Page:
Haemoglobin (Hb) ≤ 12.0 g/dL at BM detection was associated with shorter overall survival. During follow-up, 25 patients (49%) experienced episodes with Hb < 10 g/dL unrelated to side effects of cancer therapy. Fifteen patients required red blood cell transfusion. Median time from diagnosis of BM to Hb < 10 g/dL was 23 months. Median survival from Hb < 10 g/dL was 5.4 months. There was no factor predicting for Hb < 10 g/dL. Five patients (10%) developed thrombocyte (Trc) count <50 × 109/L. All of these had previously received blood transfusion. Median interval from Hb < 10 g/dL to Trc < 50 × 109/L was 2.5 months. Survival after thrombocytopenia was short (3 weeks to 4 months). Haematuria and subdural haematoma were among the causes of death.
We found high rates of significant bone marrow failure in treatment-refractory patients. Both Hb < 10 g/dL and Trc < 50 × 109/L predict for unfavourable survival.
Critically ill patients receive an extraordinarily large number of blood transfusions. Between 40% and 50% of all patients admitted to intensive care units receive at least 1 red blood cell (RBC) unit during their stay, and the average is close to 5 RBC units. RBC transfusion is not risk free. There is little evidence that 'routine' transfusion of stored allogeneic RBCs is beneficial to critically ill patients. The efficacy of perioperative recombinant human erythropoietin (rHuEPO) has been demonstrated in a variety of elective surgical settings. Similarly, in critically ill patients with multiple organ failure, rHuEPO therapy will also stimulate erythropoiesis. In a randomized, placebo-controlled trial, therapy with rHuEPO resulted in a significant reduction in RBC transfusions. Despite receiving fewer RBC transfusions, patients in the rHuEPO group had a significantly greater increase in hematocrit. Strategies to increase the production of RBCs are complementary to other approaches to reduce blood loss in the intensive care unit, and they decrease the transfusion threshold in the management of all critically ill patients.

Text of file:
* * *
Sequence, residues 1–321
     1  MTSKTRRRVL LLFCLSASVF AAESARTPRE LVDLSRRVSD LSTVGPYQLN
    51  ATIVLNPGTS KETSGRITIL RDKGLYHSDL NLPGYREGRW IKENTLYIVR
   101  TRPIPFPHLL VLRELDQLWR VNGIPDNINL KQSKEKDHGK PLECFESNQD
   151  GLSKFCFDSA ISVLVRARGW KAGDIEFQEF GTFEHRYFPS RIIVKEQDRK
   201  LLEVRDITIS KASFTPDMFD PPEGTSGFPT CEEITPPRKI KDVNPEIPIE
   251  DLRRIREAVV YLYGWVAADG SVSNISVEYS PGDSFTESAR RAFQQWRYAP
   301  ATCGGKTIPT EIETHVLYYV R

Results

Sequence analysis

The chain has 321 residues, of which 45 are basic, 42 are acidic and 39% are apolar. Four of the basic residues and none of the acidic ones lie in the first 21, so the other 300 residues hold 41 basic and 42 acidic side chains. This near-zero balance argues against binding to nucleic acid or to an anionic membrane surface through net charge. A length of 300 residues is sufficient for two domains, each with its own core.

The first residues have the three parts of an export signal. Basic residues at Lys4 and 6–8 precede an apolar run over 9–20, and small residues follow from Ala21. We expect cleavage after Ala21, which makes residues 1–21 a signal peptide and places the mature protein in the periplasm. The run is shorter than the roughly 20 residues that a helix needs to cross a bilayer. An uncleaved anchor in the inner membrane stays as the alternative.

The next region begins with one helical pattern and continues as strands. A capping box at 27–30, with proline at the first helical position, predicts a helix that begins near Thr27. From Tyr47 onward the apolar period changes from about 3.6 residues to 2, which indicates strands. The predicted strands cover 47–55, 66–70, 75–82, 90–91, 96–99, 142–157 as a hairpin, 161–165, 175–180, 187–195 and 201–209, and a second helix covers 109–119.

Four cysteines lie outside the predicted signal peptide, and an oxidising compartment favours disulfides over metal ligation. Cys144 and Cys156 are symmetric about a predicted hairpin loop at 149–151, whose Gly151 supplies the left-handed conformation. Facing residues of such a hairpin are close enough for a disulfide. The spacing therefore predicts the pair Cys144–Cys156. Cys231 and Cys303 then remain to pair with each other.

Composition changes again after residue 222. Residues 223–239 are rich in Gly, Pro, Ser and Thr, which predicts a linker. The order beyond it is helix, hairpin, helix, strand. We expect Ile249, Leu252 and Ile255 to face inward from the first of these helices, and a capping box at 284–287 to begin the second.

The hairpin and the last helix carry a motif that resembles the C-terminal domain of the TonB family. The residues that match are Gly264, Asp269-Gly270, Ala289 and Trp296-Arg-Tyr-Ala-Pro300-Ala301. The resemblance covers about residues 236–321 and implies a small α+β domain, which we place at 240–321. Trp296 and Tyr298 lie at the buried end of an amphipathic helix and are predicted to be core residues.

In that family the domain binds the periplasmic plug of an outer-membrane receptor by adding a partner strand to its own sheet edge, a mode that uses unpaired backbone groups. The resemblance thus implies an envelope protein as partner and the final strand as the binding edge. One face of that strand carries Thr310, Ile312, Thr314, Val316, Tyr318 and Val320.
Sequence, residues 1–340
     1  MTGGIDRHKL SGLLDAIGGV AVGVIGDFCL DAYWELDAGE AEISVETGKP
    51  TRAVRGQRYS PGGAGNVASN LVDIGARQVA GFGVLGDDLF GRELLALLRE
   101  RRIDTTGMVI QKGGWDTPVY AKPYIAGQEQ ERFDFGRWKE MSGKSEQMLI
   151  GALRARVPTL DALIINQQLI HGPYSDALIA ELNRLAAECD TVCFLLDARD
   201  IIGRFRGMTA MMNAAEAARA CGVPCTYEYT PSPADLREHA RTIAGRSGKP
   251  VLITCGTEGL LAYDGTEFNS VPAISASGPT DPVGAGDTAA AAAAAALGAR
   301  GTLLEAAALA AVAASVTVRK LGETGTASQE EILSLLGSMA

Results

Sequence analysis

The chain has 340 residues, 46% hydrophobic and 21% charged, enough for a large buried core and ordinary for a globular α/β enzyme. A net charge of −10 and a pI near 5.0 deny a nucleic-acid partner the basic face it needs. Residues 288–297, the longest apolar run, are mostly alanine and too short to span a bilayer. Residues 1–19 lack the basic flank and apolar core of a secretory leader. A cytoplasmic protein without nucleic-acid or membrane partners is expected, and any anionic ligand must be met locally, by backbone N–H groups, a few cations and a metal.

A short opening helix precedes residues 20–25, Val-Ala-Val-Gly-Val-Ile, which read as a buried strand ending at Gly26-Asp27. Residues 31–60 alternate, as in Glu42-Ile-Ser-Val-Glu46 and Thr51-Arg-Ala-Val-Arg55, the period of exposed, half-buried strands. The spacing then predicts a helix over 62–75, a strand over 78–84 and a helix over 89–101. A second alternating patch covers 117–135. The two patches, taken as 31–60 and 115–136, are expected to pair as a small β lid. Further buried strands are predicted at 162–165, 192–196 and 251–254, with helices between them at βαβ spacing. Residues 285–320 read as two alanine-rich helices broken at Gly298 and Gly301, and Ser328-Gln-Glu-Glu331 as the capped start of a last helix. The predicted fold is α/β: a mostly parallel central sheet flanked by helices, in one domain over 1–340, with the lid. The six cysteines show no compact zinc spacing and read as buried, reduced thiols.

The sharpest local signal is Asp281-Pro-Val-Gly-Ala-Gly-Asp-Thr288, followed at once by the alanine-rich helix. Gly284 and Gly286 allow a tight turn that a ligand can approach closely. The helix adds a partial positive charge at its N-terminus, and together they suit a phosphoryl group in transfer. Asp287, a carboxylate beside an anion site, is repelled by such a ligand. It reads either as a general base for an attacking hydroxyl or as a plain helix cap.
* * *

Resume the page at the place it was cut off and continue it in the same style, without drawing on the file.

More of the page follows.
anemia; blood transfusion; critical illness; erythropoietin
Epoetin-β is used to treat patients with cancer undergoing chemotherapy to alleviate the symptoms of anaemia, reduce the risk of blood transfusions and improve quality of life (QoL).
This meta-analysis of all 12 randomised, controlled studies of epoetin-β evaluated the impact of therapy at different Hb-initiation levels and to different target Hb levels on overall survival, tumour progression and thromboembolic events (TEE). An analysis of risk factors pre-disposing patients to TEEs under epoetin-β therapy was also performed. A total of 2297 patients are included in the analysis.
Analyses based on various Hb-initiation levels indicate no detrimental impact on survival (HR 0.99; 95% CI 0.70, 1.40) and a favourable impact on disease progression (HR 0.73; 95% CI 0.57, 0.94) when epoetin-β was used within its licensed indication (Hb initiation ⩽10 g dl−1) or the EORTC recommended level of 11 g dl−1. An increased risk of TEEs is seen for all Hb-initiation level strata and a detrimental impact on survival is seen when initiating epoetin-β therapy at Hb levels >11 g dl−1. We observe no association between high target Hb levels (⩾13 g dl−1) and an increased risk of mortality, disease progression or TEEs with epoetin-β compared with control.
The results of this analysis indicate that epoetin-β therapy has no detrimental impact on survival or tumour progression when initiated at Hb levels up to 11 g dl−1. Furthermore, there is no evidence to suggest that high Hb values achieved during epoetin-β therapy are associated with an increased mortality, disease progression or TEE rate.
anaemia; epoetin-β; survival
Haemolytic anaemia of obscure aetiology is a common complication of pregnancy in Nigeria. Treatment with antimalarials and folic acid is usually followed by a rapid remission, but response is slow in about 25% of patients and haemolysis continues uncontrolled in about 5%. The administration of prednisolone to six patients with uncontrolled haemolysis was followed by rapid recovery in five and possible benefit in one. Risks of prednisolone therapy to the mother appear to be slight and outweighed by the risks of continued severe anaemia and frequent blood transfusions. There seemed to be no appreciable increase of fetal loss compared with that in anaemic pregnancies not treated with prednisolone.